noncompensatory purposes. The Notice provides that, for tax years after December 31,
2009, the IRS will treat the employee’s use of employer-provided cell phones for
reasons related to the employer’s trade or business as a working condition fringe
benefit, the value of which is excludable from the employee’s income. However, the cell
phone must be issued primarily for noncompensatory business reasons. For purposes
of determining whether the working condition fringe benefit provision in § 132(d) applies,
the substantiation requirements that must be satisfied by the employee for an allowable
deduction under § 162 are deemed to be satisfied. Additionally, any personal use of the
employer-provided cell phone will be treated as a de minimis fringe benefit, excludable
from the employee’s gross income under § 132(e) of the Code.

Notice 2011-72 does not address the treatment of reimbursements received by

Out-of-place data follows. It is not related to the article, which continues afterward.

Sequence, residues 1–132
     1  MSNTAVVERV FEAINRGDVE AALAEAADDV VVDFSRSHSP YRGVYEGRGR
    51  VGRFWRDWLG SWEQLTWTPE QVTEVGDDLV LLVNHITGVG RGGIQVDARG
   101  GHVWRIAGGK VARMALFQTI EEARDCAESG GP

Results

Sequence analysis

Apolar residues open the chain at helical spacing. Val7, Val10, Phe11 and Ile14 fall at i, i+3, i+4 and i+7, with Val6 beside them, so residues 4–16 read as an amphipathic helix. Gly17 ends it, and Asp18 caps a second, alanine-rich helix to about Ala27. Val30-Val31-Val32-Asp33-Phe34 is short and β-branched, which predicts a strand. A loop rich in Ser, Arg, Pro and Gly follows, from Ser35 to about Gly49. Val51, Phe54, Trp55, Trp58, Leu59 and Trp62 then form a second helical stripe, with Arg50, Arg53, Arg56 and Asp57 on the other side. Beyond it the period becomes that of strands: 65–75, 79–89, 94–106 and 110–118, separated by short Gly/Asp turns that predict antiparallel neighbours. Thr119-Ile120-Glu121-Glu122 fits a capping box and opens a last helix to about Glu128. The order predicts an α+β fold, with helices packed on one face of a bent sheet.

employees from employers for the business use of an employee’s personal cell phone.

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In cases where employers, for substantial noncompensatory business reasons, require
employees to maintain and use their personal cell phones for business purposes and
reimburse the employees for the business use of their personal cell phones, examiners
should analyze reimbursements of employees’ cell phone expenses in a manner that is
similar to the approach described in Notice 2011-72. Specifically, in cases where
employers have substantial business reasons, other than providing compensation to the
employees, for requiring the employees’ use of personal cell phones in connection with